I had an appointment with my radiation oncologist, Dr. Terry, today. We chatted about a lot of things, one of which was smoking. He got started on the effects of smoking on our bone marrow. Not good. When smokers are scanned, their bones don't show as much marrow as non-smokers. I told him about the support forum at About.com Smoking Cessation. He was very impressed. He said the reason some people can quit easier than others has to do with their gene make up. Nicotine is more addictive to certain genes.
I'm on top of the world with hope. I've achieved membership in one of the "small percentage ranks!" One I'll take and hang onto. Dr. Terry told me a very small percentage of small cell lung cancer patients get to the brain radiation treatment stage. Most people don't respond to chemotherapy and lung radiation as well as I have, so brain radiation is of no benefit to them. I'm down on my knees thanking God and all of you who have prayed for me and have held me up. This gives me so much hope.
August 3, 2007: I'm nauseated most of the time. Nothing tastes good. I've finally been able to get some tapioca pudding down, and a little milk. Keeping something in my stomach helps. My blood needs protein to rebuild the cells, so somehow I must force myself to eat meat. I have some protein bars but they sound even worse. The leg and hand cramps I've been having off and on disappeared for awhile, but are back now so I know my potassium level is low again. Bananas don't sound too bad. I'll get some and start munching on them.
A cancer evaluation scan is coming up on Monday, August 6. I'm getting nervous!
This next message comes from Michelle, another moderator at the About.com Smoking Cessation forum and close friend to Gaylene. It was posted to the forum community because everyone was closely following Gay's progress through her lung cancer treatments.
- "Hello friends -- It is with a lump in my throat and so much gratitude in my heart that I can tell you all that Gaylene had a great evaluation today!
"I spoke with Gay a little while ago, and her tests showed just the tiniest bit of cancer remaining. Her doctor said that the chemotherapy drugs that are already in her system will take care of it!
"Gaylene has 6 more radiation sessions to finish, and will have to be tested every three months thereafter because small cell lung cancer has a significant return rate and can show up anywhere in the body. That aside, this is absolutely the BEST possible news! Her blood work was also excellent. She is still nauseous from the radiation treatments, but hopefully that will pass soon."
Dr. Cobb was beaming when he came in. He grabbed me in a great big bear hug and thanked me for making him look good (chuckle) and for letting him have the chance to impart GOOD NEWS to a small cell lung cancer patient. The first thing I did was look up and say "Thank you God". Then I got all teary, laughing and thanking him and everyone. In fact the tears are flowing again right now...I need to pause in writing this for a minute.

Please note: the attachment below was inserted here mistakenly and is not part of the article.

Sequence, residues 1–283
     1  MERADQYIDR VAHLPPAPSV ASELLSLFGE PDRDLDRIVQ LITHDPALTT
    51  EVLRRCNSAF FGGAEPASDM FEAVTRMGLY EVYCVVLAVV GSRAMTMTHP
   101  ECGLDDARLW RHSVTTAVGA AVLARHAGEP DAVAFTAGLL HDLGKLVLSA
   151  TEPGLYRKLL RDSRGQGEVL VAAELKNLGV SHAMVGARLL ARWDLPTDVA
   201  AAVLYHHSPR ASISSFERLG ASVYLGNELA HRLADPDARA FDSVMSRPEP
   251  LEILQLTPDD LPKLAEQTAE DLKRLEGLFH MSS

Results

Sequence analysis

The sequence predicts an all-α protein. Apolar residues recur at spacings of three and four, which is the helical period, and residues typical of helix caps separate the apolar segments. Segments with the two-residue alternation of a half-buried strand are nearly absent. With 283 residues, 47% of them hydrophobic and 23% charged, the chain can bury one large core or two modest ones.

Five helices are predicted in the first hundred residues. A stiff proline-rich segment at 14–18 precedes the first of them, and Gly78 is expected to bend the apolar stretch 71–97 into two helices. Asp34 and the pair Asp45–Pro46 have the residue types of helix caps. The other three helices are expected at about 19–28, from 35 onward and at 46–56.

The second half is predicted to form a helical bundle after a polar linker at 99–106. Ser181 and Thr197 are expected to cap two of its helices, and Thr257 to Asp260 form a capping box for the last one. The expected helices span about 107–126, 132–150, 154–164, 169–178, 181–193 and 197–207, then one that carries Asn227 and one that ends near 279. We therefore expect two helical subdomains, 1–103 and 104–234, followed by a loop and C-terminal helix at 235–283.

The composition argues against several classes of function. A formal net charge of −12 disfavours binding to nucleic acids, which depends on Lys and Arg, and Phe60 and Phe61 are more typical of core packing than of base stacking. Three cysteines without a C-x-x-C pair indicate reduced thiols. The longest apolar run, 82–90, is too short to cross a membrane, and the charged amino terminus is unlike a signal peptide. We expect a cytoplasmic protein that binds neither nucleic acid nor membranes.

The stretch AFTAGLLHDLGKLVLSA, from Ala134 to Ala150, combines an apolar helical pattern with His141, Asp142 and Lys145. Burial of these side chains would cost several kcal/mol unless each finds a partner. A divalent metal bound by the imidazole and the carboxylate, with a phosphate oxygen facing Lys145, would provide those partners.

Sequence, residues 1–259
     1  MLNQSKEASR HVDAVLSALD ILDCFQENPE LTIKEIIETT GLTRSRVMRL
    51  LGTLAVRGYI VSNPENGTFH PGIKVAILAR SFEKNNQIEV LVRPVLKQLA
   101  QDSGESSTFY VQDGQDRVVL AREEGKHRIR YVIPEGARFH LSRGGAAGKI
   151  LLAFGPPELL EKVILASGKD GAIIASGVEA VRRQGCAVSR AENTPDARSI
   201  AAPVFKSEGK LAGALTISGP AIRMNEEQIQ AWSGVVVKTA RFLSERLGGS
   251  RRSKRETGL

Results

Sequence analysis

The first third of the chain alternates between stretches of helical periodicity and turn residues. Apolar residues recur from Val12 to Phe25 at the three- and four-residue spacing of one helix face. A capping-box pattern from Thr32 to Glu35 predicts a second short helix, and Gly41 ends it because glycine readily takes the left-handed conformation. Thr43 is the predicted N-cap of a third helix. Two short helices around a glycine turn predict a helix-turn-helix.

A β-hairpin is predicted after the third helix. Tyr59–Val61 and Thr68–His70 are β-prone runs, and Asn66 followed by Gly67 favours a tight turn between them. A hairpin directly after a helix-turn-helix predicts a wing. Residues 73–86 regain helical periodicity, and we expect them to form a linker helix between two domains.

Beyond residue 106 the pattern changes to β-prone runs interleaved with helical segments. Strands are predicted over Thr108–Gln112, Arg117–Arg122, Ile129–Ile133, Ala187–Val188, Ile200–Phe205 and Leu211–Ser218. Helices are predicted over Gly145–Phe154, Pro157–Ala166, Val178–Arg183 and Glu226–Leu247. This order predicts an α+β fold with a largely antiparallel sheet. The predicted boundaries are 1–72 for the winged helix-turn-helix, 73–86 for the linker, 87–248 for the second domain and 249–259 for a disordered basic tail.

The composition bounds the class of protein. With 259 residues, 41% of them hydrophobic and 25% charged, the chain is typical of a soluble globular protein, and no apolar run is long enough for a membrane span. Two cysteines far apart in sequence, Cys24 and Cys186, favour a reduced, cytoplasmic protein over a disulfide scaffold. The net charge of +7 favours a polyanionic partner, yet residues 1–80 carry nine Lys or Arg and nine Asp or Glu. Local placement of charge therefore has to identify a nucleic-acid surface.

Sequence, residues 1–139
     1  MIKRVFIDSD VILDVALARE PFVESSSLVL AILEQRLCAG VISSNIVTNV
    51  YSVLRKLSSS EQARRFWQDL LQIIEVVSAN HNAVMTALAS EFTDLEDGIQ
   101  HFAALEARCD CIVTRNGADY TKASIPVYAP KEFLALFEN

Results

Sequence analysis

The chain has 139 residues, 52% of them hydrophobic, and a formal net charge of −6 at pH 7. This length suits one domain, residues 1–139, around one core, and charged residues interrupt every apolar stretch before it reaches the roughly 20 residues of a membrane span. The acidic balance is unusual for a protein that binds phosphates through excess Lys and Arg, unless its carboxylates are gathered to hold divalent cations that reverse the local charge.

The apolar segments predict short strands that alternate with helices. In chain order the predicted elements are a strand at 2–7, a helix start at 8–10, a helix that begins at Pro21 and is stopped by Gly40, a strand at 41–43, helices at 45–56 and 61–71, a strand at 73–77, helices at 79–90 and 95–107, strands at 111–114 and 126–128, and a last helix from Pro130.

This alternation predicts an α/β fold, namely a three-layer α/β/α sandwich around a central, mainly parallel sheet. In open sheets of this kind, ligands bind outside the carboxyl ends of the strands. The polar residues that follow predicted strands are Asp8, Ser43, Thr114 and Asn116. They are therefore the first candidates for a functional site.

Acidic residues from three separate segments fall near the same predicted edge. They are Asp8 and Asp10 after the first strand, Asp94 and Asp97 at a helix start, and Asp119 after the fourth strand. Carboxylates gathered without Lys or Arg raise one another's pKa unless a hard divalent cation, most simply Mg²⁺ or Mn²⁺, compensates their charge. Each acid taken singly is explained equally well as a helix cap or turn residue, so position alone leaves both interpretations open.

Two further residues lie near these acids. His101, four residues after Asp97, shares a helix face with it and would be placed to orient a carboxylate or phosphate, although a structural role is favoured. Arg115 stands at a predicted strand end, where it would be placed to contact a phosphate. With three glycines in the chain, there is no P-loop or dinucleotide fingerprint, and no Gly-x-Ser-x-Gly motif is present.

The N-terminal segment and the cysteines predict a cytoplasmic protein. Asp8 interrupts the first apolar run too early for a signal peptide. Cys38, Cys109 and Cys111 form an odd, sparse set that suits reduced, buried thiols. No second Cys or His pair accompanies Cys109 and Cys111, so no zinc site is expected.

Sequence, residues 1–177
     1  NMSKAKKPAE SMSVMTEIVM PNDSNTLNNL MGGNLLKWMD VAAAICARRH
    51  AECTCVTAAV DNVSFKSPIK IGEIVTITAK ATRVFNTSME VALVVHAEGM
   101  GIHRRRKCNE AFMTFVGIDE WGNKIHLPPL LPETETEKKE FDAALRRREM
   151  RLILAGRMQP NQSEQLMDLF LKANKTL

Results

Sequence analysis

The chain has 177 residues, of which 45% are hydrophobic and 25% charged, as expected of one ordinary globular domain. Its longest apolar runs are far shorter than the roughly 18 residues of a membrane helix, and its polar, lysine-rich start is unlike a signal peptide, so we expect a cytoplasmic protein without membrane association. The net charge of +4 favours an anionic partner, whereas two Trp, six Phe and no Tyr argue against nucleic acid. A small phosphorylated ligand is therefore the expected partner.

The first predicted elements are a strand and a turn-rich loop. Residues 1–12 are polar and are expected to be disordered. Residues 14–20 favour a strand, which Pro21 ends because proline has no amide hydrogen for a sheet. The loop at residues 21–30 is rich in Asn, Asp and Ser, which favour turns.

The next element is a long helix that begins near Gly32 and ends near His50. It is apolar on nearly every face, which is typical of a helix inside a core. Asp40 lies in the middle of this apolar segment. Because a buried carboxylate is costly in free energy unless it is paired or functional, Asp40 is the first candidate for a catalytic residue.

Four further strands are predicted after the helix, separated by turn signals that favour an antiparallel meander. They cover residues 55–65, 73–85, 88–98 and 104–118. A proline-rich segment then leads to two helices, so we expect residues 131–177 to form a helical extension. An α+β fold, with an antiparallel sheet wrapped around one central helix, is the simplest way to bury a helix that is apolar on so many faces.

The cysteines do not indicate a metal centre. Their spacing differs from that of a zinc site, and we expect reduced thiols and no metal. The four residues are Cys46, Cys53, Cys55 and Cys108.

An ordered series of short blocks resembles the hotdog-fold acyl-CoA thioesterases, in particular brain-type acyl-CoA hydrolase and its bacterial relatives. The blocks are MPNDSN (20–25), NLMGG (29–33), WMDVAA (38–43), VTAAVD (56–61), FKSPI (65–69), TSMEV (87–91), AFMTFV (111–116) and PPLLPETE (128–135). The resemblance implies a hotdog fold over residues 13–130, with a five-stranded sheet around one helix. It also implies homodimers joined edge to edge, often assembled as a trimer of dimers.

I've been told that I'm at a high risk for the cancer to return anywhere in my body, so I'll have to get a scan every three months. This is a scary thought. I have a cystic lesion on my liver and also one on a kidney. They aren't changing, but will be watched. I also found out that I have a kidney stone. Kidney stones do seem to run in my family.
I'm still nauseous to the extent that I feel on the verge of upchucking most of the time. There are a lot of foods I can't eat comfortably now, too. Meat is the worst. And the inside of my left ear is extremely tender. It hurts to lie on that side of my head, which is, of course, the side I sleep best on! The end of my nose is one big scab. I was thinking it was a cold sore, but I'm told it could be blistered from radiation treatments. Anyway, it's a real beauty!
My hair started to fall out again today. Just when I was starting to get some real ones again instead of the white rabbit fur hair I've been growing lately. But you know what? I don't care. I have every chance of living now. That's what I care about. The hair loss has never been a big issue. It'll come back someday and when it does, I'll appreciate it like I never did before.
These past few days my emotions have been off the charts. I've literally been crying with gratitude; kneeling to thank God and everyone who has prayed for me, held me up and surrounded me, keeping me safe. I think I'm now familiar with every emotion known to mankind.
I'm getting ready to set out on a new endeavor. My career as a hairdresser is over because my lungs can no longer tolerate the chemicals involved in that business. So, I've sold my salon...and my home. Next month I'll be moving to the western part of the state to be closer to family. Both of my parents are now in a nursing home there. My brother and I can care for them together. Up until just over a month ago I'd been doing that here by myself.
I have to admit I'm nervous about finding a new way to make a living in a new place. Especially at my tender age (smile). But, no matter -- it's just one more challenge. We need challenges in life to keep it interesting, right?!
Page 10 - The Aftermath of Lung Cancer Treatments